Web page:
Archive for May, 2015



“Now I exhort you, brethren, by the name of our Lord Jesus Christ, that you all agree and that there be no divisions among you, but that you be d made complete in the same mind and in the same judgment. For I have been informed concerning you, my brethren, by Chloe’s people, that there are quarrels among you. Now I mean this, that each one of you is saying, ‘I am of Paul,’ and ‘I of Apollos,’ and ‘I of Cephas,’ and ‘I of Christ.’  Has Christ been divided?” – I Corinthians 1:10-13a

After the Civil War, on the border of West Virginia and Kentucky, there raged a feud between the Hatfield family on the West Virginia side, and the McCoy family on the Kentucky side.  Over a 30 year period, there were a few skirmishes, but matters really heated up when Johnse Hatfield started courting Roseanna McCoy.  After being caught on the Kentucky side of the Tug Fork River, Johnse was held captive by the McCoy family for outstanding bootlegging warrants in Kentucky.  Roseanna crossed the river to warn the Hatfield family who gathered up a posse to forcibly take Johnse back home.  Johnse later left Roseanna and married her cousin, Nancy.  After numerous trials, various jail sentences and dozens of murders, the feud finally died down.  The ironic point of the whole feud is that according to many sources, it supposedly intensified over the disputed ownership of a hog.  How sad;  all this over a pig!
In the days of the early church, there was a lot of division over various parts of the relatively young church.  Some were teaching that you had to be circumcised in order to be saved.  Some sources say that some where teaching that you had to be baptized to be saved.  And yet others were divided over who the leadership of the church should be.  Paul had a to-the-point question regarding these divisions: “Has Christ been divided?”
Such divisions do more damage than good to the witness of the church, whose mission is to evangelize the world (Matthew 28:19-20).  We have trite arguments over how the offering to be taken up or what the preacher is supposed to wear.  We have silly divisions over if we should sprinkle, dunk once or dunk three times for baptism – perhaps we should hold them underwater until they really repent!  Some church divisions refuse to allow one to speak to the congregation unless they have been baptized in that denomination!
When the world, who is in need of salt and light, sees the church fussing and feuding over relatively small, trivial matters, and sees different denominations puffing their chest with pride over how they have the best system, it turns them off.  We are to be an example of unity and love, not an example of being worse than the world!  Let us all, whatever denomination or division, determine to find ways to be a united church, not a divisive church!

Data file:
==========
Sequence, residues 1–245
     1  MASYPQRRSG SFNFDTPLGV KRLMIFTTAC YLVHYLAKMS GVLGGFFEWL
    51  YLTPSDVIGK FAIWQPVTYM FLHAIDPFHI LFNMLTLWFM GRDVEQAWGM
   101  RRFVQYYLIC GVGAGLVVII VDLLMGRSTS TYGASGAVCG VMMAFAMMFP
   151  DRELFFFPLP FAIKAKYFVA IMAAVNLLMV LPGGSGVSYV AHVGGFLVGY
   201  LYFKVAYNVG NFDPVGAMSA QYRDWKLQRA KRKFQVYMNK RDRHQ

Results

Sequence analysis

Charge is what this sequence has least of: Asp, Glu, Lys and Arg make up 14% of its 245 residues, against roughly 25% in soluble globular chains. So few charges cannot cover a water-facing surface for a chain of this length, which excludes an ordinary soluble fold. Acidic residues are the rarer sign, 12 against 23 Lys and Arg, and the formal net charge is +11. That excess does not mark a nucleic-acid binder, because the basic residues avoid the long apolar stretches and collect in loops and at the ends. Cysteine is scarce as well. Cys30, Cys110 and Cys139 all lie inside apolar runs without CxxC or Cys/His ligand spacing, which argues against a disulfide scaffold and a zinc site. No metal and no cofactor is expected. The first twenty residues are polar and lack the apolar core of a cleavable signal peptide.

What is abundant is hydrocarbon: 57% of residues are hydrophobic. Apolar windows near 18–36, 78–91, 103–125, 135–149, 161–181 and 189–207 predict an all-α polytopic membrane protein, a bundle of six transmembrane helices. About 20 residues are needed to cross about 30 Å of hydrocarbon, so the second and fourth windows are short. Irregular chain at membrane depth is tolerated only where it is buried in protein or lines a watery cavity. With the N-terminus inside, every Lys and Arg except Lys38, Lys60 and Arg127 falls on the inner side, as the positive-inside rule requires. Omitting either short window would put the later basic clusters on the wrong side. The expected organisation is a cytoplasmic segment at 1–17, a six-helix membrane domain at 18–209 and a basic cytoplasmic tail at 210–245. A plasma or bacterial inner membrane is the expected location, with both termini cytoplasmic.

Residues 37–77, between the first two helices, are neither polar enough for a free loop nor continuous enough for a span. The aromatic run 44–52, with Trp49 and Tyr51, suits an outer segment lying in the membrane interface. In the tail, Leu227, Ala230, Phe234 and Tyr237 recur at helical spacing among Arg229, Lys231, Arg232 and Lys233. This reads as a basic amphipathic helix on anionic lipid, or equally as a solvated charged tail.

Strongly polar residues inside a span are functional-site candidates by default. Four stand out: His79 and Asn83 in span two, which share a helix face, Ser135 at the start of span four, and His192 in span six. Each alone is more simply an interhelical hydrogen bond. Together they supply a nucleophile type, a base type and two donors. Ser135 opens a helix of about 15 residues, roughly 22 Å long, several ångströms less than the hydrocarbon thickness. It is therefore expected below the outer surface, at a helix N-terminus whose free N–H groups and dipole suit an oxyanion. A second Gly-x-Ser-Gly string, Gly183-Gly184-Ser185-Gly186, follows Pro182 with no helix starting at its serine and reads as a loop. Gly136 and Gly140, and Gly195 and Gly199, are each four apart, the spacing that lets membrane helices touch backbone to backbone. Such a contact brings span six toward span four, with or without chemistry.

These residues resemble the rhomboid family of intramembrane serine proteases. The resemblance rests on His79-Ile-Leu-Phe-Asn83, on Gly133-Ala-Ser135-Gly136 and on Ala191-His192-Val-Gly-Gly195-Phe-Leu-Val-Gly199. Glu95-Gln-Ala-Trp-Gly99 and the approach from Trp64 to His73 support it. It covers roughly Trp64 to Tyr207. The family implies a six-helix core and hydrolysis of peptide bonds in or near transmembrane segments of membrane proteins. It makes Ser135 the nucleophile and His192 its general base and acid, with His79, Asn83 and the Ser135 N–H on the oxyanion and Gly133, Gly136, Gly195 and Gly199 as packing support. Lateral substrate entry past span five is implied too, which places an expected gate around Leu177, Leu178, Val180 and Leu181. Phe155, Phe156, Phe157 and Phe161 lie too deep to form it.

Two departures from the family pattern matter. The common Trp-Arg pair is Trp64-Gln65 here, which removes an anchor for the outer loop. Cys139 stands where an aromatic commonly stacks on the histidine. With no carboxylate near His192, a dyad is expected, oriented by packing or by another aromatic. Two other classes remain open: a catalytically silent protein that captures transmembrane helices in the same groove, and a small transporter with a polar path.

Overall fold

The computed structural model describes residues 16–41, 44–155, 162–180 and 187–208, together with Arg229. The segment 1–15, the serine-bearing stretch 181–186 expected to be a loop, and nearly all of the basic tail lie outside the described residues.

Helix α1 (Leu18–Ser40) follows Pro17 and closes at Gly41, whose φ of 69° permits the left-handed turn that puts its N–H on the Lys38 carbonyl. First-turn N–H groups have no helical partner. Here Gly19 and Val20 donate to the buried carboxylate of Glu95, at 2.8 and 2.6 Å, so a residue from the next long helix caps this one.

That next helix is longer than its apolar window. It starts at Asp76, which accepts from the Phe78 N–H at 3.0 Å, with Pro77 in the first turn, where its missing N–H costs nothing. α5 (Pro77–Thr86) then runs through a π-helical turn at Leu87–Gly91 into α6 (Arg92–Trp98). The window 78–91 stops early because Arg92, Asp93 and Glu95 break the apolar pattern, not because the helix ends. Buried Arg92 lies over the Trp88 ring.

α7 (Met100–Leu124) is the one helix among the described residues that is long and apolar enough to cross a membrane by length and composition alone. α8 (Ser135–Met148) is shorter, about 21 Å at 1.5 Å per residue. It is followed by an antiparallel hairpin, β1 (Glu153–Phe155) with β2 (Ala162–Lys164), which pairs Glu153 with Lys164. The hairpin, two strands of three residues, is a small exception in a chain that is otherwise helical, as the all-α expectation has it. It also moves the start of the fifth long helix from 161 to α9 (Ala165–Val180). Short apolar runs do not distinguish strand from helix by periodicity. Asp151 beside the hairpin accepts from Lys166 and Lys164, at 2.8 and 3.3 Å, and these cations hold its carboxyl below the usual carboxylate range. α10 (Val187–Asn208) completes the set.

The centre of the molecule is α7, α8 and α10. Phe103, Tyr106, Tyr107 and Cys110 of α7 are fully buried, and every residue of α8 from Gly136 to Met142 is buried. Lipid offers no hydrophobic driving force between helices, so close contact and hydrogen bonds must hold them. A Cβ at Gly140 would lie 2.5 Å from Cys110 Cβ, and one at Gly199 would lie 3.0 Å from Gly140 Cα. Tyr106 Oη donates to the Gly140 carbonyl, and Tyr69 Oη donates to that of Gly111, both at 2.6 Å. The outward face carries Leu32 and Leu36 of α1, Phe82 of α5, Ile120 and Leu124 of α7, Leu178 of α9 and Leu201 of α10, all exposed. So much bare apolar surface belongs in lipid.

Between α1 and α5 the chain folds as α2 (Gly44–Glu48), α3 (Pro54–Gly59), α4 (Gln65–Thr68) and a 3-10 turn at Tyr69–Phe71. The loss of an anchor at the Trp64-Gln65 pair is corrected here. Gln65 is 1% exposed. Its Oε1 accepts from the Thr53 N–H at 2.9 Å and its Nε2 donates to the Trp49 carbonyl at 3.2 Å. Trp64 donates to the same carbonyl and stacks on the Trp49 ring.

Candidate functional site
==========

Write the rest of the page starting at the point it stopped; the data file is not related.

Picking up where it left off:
Besides, all these problems are over a pig!



“And let us consider how to stimulate one another to love and good deeds, not forsaking our own assembling together, as is the habit of some, but encouraging one another; and all the more as you see the day drawing near.”  Hebrews 10:24-25

At the close of the service on the first Sunday of the month, our church worships by taking communion.  Communion has always been a deep, intimate form of worship for me, as I consider it a memorial service.  Jesus Christ said that when we  eat the bread and drink the cup, we do so “in remembrance of me”  (I Corinthians 11:24-25).  It is a time that I take to concentrate and meditate on the suffering that the Messiah endured so that I could have eternal life.  The Great Creator God loved me so much that He would give up His life for me, and I am overwhelmed by this demonstration of His undying love and devotion.  I almost always cry during communion as a result.  But on a recent Sunday, a dear sister came up beside me, kissed me gently on the forehead and hugged me.  She didn’t speak a word, but preached volumes with that gesture.  This is church.
There are a number of reasons for church.  According to Jesus, the mission of the church is to win souls (Matthew 28:19-20).  According to Romans, we must gather to increase and strengthen our faith by hearing the Word preached (Romans 10:17).  But here in Hebrews, we must gather together to do two other things.
The first thing that we must do as a church is to search for ways to “stimulate one another to love and good deeds” (Hebrews 10:24).  The greatest artists and writers cannot create a masterpiece until they are inspired to do so.  They need a spark that can be nurtured and fanned into a flame that roars to heights so that no one can ignore its light and heat.  We as brothers and sisters in the faith must stimulate and inspire each other for the work ahead of us.  This is church.
The second thing that we as a church are to do is to encourage one another.  The Greek word for encourage means to summon, admonish, entreat and comfort.  We are to lift each other up.  It would be much like a runner in a race, who is encouraged by the bystanders who are clapping and cheering her on.  She hears their cheers, and is encouraged by it.  Brothers and sisters in Christ are to do this for one another.  This is church.
Church is about winning souls first, while increasing and strengthening our faith.  But is also about meeting with kindred spirits who embrace what we hold dear and encourage us along the way, cheering for us in the race!
This is church.

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May 2015
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